Let us take the case of the National Transcontinental railway. It is too late to discuss the question of the advisability of building that railway. The people of Canada decided that question in the election of 1904, and they decided it very largely in its favour. When my hon. friend the Minister of Finance brings back those stale arguments about what the original cost was supposed to be and what the road actually cost, he knows from his own experience, since he has been a member of this Government, that many things cost a great deal more than one originally expects them to do. What, for example, about that public building, almost within sight of Parliament? When the Government is through paying for it, it will find that that building will cost a great deal more than was originally anticipated. This Government paid out over $100,000-1 think I am correct in the figure-to a couple of gentlemen, partisan friends, who spent over a year in investigating every contract in connection with the construction of the National Transcontinental railway, from one end to the other. What conclusion did they arrive at? Every hon. gentleman opposite knows that, before that report was brought into this House, rumours were spread broadcast throughout the country as to what great scandals were forthcoming against the late Administration. Since that report has been brought down and discussed here, scarcely a reputable Tory newspaper has dared to print a single line or to make a single reference to it.

At six o'clock, the House took recess.

The House resumed at eight o'clock.

Topic:   THE BUDGET.
Subtopic:   PROPOSED WAR TAXATION.
Permalink

PRIVATE BILLS.

CONSIDERED IN COMMITTEE-THIRD READINGS.


The House in Committee on Private Bills, Mr. Sevigny in the Chair. Bill No. 52, respecting the Montreal, Ottawa and Georgian Bay Canal Company- Mr. G. V. White-in committee. On section 1-extension of time for completion :


LIB

George Perry Graham

Liberal

Mr. GRAHAM:

This went through the Railway Committee, did it?

Topic:   PRIVATE BILLS.
Subtopic:   CONSIDERED IN COMMITTEE-THIRD READINGS.
Permalink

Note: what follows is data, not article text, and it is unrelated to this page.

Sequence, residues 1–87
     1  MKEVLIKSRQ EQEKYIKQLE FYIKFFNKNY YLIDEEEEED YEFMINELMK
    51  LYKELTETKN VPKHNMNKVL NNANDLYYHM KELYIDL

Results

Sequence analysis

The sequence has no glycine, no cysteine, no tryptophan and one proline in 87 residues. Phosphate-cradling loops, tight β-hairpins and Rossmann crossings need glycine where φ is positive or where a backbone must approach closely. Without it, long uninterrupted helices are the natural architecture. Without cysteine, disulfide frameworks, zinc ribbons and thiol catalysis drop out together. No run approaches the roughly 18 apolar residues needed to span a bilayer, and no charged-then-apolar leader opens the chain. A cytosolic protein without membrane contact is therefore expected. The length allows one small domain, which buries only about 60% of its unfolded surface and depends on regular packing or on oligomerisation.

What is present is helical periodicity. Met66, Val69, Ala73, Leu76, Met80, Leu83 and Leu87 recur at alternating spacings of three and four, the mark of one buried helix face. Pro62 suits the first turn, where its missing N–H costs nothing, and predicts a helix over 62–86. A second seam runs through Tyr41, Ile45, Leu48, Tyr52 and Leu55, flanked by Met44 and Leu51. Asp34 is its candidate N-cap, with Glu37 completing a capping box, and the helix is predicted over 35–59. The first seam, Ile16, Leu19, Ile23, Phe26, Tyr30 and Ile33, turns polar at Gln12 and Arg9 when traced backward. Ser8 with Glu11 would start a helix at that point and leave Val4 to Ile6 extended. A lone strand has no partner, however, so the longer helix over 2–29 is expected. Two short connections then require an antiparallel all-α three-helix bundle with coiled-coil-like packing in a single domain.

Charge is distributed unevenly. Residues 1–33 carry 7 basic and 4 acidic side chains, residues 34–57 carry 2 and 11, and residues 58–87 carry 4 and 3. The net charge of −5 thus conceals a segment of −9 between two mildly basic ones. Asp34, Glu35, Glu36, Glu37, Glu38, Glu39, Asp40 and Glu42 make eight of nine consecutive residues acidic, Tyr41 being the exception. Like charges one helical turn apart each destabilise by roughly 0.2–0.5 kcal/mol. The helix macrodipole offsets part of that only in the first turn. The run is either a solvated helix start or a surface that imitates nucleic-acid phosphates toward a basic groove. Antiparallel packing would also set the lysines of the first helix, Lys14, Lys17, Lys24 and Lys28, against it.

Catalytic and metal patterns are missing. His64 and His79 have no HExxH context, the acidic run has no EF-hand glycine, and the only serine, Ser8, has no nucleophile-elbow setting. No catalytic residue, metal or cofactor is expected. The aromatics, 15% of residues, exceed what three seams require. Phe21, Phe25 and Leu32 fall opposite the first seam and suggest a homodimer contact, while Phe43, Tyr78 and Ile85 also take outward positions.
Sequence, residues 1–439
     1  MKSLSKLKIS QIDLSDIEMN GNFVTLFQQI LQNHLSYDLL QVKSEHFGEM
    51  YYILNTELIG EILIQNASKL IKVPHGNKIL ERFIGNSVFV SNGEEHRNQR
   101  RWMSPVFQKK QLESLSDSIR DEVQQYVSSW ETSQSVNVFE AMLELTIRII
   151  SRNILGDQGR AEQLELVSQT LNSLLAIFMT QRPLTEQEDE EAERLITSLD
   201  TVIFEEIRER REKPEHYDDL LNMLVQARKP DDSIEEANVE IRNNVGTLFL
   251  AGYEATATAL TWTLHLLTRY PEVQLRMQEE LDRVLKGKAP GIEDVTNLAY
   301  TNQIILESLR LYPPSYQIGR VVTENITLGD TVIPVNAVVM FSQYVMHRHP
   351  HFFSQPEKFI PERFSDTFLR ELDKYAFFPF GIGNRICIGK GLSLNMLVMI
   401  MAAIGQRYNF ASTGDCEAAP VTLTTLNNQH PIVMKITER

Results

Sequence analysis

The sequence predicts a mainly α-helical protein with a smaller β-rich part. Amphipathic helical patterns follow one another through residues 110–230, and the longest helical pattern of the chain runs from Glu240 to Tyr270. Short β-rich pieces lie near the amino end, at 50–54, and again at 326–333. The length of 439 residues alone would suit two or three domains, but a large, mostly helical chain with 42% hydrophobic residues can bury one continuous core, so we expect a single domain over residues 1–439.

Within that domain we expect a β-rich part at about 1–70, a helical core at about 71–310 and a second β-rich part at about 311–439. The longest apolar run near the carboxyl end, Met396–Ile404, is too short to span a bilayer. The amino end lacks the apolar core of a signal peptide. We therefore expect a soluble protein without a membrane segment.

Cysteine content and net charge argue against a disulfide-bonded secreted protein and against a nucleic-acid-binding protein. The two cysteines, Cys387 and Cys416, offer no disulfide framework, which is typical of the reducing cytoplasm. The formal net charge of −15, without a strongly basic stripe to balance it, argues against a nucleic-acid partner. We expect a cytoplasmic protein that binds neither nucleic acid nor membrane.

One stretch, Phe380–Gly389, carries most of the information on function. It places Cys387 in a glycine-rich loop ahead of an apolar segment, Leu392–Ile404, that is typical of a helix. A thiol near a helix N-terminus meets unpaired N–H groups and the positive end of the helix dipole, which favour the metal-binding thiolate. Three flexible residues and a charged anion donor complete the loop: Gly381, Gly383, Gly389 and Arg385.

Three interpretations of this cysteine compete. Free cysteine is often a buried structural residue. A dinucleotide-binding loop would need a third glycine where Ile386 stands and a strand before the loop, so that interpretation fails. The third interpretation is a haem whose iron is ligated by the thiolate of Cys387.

CON

Edward Arthur Lancaster

Conservative (1867-1942)

Mr. LANCASTER:

Yes. This is in exactly the same terms as the Bill of two years ago, with the same provision for the protection of the Government as to damages.

Topic:   PRIVATE BILLS.
Subtopic:   CONSIDERED IN COMMITTEE-THIRD READINGS.
Permalink
LIB

Edward Walter Nesbitt

Liberal

Mr. NESBITT:

What extension of time is allowed?

Topic:   PRIVATE BILLS.
Subtopic:   CONSIDERED IN COMMITTEE-THIRD READINGS.
Permalink
CON

Edward Arthur Lancaster

Conservative (1867-1942)

Mr. LANCASTER:

Three years to commence and nine to complete. We do not have the same rules with regard to canals as to railways.

Topic:   PRIVATE BILLS.
Subtopic:   CONSIDERED IN COMMITTEE-THIRD READINGS.
Permalink
LIB

Edward Walter Nesbitt

Liberal

Mr. NESBITT:

Under certain circumstances we have the right to take it over?

Topic:   PRIVATE BILLS.
Subtopic:   CONSIDERED IN COMMITTEE-THIRD READINGS.
Permalink
CON

Edward Arthur Lancaster

Conservative (1867-1942)

Mr. LANCASTER:

Yes. And if the Government take it over they pay only limited

species of damages.

Topic:   PRIVATE BILLS.
Subtopic:   CONSIDERED IN COMMITTEE-THIRD READINGS.
Permalink
LIB

George Perry Graham

Liberal

Mr. GRAHAM:

Has the Government any policy to announce on the Georgian Bay canal?

Topic:   PRIVATE BILLS.
Subtopic:   CONSIDERED IN COMMITTEE-THIRD READINGS.
Permalink
CON

William Thomas White (Minister of Finance and Receiver General)

Conservative (1867-1942)

Hon. W. T. WHITE:

This is hardly an

opportune time to discuss the general question. The Minister of Public Works (Mr. Rogers) is not present. I understand that the policy of the hon. gentleman (Mt. Graham) is to stop all public works.

Topic:   PRIVATE BILLS.
Subtopic:   CONSIDERED IN COMMITTEE-THIRD READINGS.
Permalink
LIB
CON

William Thomas White (Minister of Finance and Receiver General)

Conservative (1867-1942)

Mr. WHITE:

That is the view expressed by many of his associates. The policy of the Government, as announced in the Budget speech, is that we are not proceeding with new works until the sources from which the expenditure is to be defrayed are apparent.

Topic:   PRIVATE BILLS.
Subtopic:   CONSIDERED IN COMMITTEE-THIRD READINGS.
Permalink

March 12, 1915